This species is morphologically indistinguishable from T. evansi. It causes a disease of horses and asses known as dourine. This is a venereal disease, transmitted by coitus. Dourine is similar to nagana, but runs a more chronic course of 6 months to 2 years. The incubation period is 2 to 12 weeks.
The first sign of the disease is edema of the genitalia and often of the dependent parts of the body. There is slight fever, inappetence, and a mucous discharge from the urethra and vagina. Circumscribed areas of the mucosa of the vulva or penis may become depigmented.
The second stage of the disease, characterized by urticaria, appears after 4 to 6 weeks. Circular, sharply circumscribed, urticarial plaques about 3 cm in diameter arise on the sides of the body, remain 3 or 4 days, and then disappear. They may reappear later. Muscular paralysis later ensues. The muscles of the nostrils and neck are affected first, but the paralysis spreads to the hind limbs and finally to the rest of the body. Incoordination is seen first, and is followed by complete paralysis. Dourine is usually fatal unless treated, altho mild strains of the parasite may occur in some regions.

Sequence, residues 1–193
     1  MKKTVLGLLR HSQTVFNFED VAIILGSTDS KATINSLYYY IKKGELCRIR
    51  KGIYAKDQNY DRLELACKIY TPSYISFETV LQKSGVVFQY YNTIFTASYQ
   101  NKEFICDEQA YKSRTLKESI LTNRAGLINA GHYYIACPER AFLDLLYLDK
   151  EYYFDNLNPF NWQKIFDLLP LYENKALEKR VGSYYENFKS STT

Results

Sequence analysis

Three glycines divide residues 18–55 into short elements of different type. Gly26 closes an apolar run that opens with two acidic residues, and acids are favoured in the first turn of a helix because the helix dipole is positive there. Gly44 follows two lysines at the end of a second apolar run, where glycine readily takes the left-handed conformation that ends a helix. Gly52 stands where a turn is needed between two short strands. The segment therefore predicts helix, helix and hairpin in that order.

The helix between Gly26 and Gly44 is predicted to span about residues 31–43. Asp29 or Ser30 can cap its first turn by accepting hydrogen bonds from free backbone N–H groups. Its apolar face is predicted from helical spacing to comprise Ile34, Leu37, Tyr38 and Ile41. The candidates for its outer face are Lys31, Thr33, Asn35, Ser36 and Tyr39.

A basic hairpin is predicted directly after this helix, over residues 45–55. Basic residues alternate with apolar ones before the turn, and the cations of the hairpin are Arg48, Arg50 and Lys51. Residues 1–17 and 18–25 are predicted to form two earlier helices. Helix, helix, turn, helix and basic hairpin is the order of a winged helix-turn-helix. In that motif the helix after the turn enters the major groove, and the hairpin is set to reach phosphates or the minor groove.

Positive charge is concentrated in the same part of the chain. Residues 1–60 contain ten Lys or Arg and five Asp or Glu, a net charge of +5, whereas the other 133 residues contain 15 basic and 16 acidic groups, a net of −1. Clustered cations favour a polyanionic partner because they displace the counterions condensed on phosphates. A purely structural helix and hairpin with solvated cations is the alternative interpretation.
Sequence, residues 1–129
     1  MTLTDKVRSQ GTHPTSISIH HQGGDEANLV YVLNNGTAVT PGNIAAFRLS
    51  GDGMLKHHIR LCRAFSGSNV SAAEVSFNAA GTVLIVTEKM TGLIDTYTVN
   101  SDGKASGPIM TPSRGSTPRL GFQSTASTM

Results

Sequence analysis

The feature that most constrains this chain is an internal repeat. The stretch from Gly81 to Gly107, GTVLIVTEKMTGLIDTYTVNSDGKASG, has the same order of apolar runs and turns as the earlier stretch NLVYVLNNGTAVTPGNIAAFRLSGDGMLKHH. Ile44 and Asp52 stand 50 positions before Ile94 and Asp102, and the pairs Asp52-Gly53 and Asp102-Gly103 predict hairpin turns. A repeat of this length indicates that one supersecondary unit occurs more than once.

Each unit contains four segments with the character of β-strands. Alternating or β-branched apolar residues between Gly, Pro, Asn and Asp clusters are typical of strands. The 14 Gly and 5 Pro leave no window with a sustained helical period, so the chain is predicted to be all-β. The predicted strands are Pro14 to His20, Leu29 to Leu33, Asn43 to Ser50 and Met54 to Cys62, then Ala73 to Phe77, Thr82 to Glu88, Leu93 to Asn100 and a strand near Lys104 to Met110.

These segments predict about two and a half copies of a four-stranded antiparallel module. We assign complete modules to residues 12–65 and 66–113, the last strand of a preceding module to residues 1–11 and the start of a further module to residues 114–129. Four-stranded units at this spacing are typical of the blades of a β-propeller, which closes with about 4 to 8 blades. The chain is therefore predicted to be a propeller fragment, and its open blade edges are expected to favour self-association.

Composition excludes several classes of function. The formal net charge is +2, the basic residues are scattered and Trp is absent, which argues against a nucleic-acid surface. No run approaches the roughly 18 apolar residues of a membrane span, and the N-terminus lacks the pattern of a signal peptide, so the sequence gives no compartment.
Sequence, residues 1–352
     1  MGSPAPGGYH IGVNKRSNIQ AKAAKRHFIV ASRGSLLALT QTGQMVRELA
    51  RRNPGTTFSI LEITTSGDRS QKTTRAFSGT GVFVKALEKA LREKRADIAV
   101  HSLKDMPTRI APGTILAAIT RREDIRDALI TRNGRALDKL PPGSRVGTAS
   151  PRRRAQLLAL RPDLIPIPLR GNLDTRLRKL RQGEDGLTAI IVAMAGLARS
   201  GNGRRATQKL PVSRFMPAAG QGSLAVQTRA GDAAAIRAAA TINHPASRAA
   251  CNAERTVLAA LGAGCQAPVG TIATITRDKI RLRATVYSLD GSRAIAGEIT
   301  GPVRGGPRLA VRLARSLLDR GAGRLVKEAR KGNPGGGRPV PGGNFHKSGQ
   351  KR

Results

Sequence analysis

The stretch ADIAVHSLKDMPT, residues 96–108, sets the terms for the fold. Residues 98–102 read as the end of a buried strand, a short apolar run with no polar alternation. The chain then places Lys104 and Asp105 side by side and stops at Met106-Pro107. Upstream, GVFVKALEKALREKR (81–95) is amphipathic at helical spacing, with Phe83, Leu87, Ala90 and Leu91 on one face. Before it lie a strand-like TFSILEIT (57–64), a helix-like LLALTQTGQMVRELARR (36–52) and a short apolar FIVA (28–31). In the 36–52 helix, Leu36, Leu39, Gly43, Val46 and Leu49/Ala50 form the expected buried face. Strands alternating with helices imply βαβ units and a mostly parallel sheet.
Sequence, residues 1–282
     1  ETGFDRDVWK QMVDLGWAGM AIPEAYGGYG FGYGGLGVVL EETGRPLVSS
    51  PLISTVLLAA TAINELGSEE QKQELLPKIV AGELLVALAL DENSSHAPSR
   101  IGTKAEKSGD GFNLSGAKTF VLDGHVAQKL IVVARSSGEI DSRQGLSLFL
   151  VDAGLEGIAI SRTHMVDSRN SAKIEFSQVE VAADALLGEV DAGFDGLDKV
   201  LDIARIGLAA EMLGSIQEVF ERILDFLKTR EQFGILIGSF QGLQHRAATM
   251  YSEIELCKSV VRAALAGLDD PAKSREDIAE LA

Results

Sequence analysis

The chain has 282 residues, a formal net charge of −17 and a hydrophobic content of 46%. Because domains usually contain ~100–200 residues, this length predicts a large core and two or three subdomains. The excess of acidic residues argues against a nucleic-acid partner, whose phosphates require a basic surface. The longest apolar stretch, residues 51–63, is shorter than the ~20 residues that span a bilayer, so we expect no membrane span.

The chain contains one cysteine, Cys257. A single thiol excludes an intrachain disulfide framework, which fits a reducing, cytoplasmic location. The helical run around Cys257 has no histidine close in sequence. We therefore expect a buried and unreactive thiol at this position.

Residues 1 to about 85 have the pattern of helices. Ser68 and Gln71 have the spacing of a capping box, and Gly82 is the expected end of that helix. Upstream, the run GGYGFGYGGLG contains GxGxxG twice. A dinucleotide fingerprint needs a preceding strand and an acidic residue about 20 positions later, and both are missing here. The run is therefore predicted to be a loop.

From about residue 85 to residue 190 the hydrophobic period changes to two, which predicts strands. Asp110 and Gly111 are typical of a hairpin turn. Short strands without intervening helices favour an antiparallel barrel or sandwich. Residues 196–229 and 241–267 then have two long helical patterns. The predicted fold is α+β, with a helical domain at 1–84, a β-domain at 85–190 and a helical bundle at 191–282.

T. equiperdum is found in Asia, North and South Africa, southern and eastern Europe and the U.S.S.R. It was once common in western Europe and North America, but has been eradicated from these regions. The last place where it was known to occur in North America, the Papago Indian Reservation in Arizona, was released from quarantine in 1949.
Dourine can be diagnosed by finding the parasites in smears of fluid expressed from the urticarial swellings, lymph, the mucous membranes of the genitalia or blood. The signs of the typical disease are characteristic enough to permit diagnosis in endemic areas. Inoculation of mice, rats, rabbits or dogs may also be practiced, but it is often difficult to demonstrate the parasites on the first passage. The complement fixation test is invaluable in detecting early or latent infections, and it was only by its use that dourine was eradicated from North America. All horses imported into the United States must be tested for dourine before they are admitted.
To treat dourine in horses, a single subcutaneous dose of 5 mg/kg antrycide methyl sulfate or two intravenous injections of 2 g suramin each 15 days apart can be used.